• Users Online: 828
  • Home
  • Print this page
  • Email this page
Home About us Editorial board Ahead of print Current issue Search Archives Submit article Instructions Contacts Login 

 Table of Contents  
Year : 2019  |  Volume : 32  |  Issue : 1  |  Page : 24-26

Community interventions and participation in women's groups and counselling through home visits and their effect on a child's growth

Centre for Community Medicine, All India Institute of Medical Sciences, New Delhi, India

Date of Web Publication29-Nov-2019

Correspondence Address:
Sumit Malhotra
Centre for Community Medicine, All India Institute of Medical Sciences, New Delhi
Login to access the Email id

Source of Support: None, Conflict of Interest: None

DOI: 10.4103/0970-258X.272112

How to cite this article:
Jacob OM, Malhotra S. Community interventions and participation in women's groups and counselling through home visits and their effect on a child's growth. Natl Med J India 2019;32:24-6

How to cite this URL:
Jacob OM, Malhotra S. Community interventions and participation in women's groups and counselling through home visits and their effect on a child's growth. Natl Med J India [serial online] 2019 [cited 2021 Oct 19];32:24-6. Available from: http://www.nmji.in/text.asp?2019/32/1/24/272112

Nair N, Tripathy P, Sachdev HS, Pradhan H, Bhattacharyya S, Gope R, Gagrai S, Rath S, Rath S, Sınha R, Roy SS, Shewale S, Singh V, Srivastava A, Costello A, Copas A, Skordis-Worrall J, Haghparast-Bidgoli H, Saville N, Prost A. (Ekjut, Chakradharpur, Jharkhand; Sitaram Bhartia Institute of Science and Research, New Delhi; Public Health Foundation of India, New Delhi, India; Institute for Global Health, University College London, London, UK.) Effect of participatory women’s groups and counselling through home visits on children’s linear growth in rural eastern India (CARING trial): A cluster-randomised controlled trial. Lancet Glob Health 2017;5:e1004-e1016.

  Summary Top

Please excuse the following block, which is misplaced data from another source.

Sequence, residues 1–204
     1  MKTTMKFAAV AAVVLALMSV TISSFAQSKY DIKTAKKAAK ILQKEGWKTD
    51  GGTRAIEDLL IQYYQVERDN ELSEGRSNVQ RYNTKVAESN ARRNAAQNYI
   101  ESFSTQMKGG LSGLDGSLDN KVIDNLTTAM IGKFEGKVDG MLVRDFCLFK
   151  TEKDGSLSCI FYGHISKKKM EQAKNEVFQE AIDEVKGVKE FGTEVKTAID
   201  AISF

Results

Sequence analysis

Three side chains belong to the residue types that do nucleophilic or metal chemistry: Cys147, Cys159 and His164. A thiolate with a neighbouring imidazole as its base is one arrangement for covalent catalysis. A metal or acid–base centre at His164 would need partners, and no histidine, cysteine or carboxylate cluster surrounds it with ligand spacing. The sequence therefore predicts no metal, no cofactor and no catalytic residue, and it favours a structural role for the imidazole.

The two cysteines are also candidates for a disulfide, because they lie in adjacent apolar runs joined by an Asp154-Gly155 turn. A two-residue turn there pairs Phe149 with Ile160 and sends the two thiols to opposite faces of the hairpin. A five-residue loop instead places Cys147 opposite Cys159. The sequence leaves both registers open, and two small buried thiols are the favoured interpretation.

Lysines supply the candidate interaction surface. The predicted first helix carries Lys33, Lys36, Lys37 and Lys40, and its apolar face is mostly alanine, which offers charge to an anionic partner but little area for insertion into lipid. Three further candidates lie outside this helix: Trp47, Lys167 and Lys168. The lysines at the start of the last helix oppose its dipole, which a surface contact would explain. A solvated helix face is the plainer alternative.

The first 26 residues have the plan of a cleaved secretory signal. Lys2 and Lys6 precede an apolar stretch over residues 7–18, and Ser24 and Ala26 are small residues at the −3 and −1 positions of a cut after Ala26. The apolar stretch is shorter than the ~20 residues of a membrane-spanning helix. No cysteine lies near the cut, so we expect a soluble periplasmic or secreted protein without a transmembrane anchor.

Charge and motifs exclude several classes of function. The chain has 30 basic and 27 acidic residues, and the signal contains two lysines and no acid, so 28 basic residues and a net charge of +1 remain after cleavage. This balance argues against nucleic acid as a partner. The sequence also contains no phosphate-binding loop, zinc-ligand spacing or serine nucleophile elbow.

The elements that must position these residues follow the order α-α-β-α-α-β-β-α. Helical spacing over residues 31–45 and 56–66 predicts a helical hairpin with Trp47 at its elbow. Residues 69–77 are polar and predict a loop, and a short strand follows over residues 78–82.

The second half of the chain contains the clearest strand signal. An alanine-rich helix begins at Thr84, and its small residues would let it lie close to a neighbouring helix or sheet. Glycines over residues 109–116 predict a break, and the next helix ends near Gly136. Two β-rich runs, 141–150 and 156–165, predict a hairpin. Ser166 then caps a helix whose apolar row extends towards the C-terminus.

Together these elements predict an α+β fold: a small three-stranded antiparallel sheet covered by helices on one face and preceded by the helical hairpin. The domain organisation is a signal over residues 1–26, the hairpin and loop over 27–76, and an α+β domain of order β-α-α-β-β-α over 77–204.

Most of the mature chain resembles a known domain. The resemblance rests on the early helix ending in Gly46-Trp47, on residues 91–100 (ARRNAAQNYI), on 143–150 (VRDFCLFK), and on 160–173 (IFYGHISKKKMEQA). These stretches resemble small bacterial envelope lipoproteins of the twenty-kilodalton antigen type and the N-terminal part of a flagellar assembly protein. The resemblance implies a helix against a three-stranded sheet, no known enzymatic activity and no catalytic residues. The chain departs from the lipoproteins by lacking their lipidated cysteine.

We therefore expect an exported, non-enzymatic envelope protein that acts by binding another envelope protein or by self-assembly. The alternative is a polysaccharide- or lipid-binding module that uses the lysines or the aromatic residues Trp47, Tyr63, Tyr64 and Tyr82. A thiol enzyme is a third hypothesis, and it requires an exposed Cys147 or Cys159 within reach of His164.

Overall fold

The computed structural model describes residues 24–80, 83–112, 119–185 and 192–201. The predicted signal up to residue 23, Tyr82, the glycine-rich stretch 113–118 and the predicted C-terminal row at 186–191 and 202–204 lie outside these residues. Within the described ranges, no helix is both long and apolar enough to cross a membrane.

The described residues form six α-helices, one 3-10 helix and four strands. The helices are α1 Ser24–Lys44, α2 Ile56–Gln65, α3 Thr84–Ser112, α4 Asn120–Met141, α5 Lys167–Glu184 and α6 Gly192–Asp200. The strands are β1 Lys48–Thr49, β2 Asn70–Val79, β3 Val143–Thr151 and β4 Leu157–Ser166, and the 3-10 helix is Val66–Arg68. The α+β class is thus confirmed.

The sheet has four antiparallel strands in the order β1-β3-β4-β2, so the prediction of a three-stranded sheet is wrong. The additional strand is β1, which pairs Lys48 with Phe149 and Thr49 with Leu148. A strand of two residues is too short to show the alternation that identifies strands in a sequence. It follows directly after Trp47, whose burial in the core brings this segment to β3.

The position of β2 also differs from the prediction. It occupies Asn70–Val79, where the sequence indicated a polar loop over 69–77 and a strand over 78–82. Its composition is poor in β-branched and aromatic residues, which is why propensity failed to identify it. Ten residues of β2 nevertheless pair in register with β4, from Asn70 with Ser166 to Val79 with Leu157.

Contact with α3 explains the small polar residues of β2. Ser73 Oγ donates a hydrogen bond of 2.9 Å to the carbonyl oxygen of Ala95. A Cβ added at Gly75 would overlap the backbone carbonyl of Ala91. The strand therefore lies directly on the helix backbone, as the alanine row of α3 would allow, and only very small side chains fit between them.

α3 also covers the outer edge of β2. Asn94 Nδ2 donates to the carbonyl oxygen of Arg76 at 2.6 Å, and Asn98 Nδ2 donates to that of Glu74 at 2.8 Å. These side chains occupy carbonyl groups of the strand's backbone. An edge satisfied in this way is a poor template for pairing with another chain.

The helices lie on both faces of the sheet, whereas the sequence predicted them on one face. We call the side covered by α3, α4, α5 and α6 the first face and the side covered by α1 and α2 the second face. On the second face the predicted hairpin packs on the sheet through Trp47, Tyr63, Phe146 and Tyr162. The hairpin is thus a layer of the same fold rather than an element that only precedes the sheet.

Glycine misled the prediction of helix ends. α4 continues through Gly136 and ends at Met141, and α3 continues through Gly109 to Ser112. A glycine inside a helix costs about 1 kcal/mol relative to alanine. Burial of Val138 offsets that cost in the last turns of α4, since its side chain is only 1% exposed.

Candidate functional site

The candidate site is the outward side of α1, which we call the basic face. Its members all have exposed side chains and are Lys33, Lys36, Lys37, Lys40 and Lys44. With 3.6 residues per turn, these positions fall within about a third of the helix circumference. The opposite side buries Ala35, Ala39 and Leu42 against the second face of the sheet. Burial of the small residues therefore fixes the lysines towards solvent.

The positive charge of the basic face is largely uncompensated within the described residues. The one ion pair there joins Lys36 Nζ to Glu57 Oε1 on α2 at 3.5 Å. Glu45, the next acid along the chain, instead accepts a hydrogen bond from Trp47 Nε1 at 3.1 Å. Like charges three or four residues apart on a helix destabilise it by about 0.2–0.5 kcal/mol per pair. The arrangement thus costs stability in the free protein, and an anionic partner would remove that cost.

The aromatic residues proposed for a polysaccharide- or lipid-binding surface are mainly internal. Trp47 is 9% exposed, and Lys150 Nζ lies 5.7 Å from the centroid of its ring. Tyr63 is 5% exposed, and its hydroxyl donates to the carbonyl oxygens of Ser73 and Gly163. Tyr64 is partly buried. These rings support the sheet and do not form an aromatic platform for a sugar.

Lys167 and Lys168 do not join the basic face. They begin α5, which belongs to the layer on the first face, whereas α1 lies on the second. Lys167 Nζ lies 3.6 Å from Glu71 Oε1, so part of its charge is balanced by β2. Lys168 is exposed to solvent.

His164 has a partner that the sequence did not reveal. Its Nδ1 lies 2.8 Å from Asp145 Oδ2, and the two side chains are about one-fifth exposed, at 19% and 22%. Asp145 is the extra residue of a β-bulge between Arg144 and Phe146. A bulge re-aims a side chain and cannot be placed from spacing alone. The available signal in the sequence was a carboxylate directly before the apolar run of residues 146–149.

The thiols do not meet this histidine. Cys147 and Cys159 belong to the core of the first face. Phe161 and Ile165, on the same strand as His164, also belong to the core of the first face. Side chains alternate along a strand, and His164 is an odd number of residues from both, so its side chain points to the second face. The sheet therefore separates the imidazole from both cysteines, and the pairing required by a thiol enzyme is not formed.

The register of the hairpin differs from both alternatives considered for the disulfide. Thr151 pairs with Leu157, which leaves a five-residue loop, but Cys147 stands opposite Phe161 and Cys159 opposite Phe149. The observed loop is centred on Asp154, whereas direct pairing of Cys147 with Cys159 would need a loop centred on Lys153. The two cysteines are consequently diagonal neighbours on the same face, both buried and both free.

Nair et al. conducted a cluster-randomized controlled trial to study the effect of a strategy involving a new worker who conducted participatory group meetings and home visits, on a child’s linear growth and other selected variables related to mother-child nutrition and their practices. They selected 120 adjoining clusters spread equally over two rural districts of Jharkhand (West Singhbhum) and Odisha (Kendujhar). They were stratified based on the number of villages and hamlets (0, 1-2, >2 hamlets) into three strata in each district. The six strata villages were then each randomized equally into either intervention or control group. Randomization was done in the presence of village leaders, front-line workers and members of local governance bodies, using a local lottery method. Stillbirths and neonatal deaths, infants whose mothers died, those with congenital abnormalities, multiple births and mother and infant pairs who migrated out of the study area permanently during the trial period numbering 2780 mother-infant pairs were excluded from the trial. The intervention was given to the eligible beneficiaries by a newly recruited female community worker called Su-Poshan Karyakarta (SPK) whose two main responsibilities were to provide monthly home visits to pregnant women in their 3rd trimester and their children (below 2 years of age); and facilitation of 2-3 participatory meetings with local women groups per month. The counselling during home visits mainly targeted feeding, support, hygiene, care and stimulation practices whereas women group meetings aimed to promote individual and community action for nutrition. The participatory group meetings reinforced on underlying causes of malnutrition which included birth spacing, nutrition in pregnancy, water and sanitation hygiene and women’s agency; these meetings followed principles of participatory learning and action methodology based on learning acquired through previous such trials by the same author.[1] SPK were provided with the honorarium equivalent to that of an existing Anganwadi worker (AWW; ₹3000 per month) and catered to a population of approximately 1000. SPK also received training for 2 weeks and were mentored by trained supervisors. Along with health education, they were responsible for encouraging women to attend participatory women group meeting s with the help of A WW. The data collection team visited the pregnant women once in the 3rd trimester and followed them up during delivery within 72 hours, 3rd, 6th, 9th, 12th, 15th and 18th month of the child’s age. They followed standardized procedures for measuring length/height, weight and mid-upper arm circumference. The trained data collection team and outcome assessors/statisticians were masked to allocation. Details of certain specific self-reported health-related behaviours such as hand- washing, consumption of minimum meal frequency and dietary diversified foods were taken. The primary outcome was to study the children’s mean (standard deviation [SD]) length-for-age Z (LAZ) scores at the 18th month of age. Other outcomes were to assess the change in the LAZ score following intervention, birth-weight, to estimate the prevalence of stunting, wasting and undernutrition, feeding and care practices. Intention-to-treat analysis was done.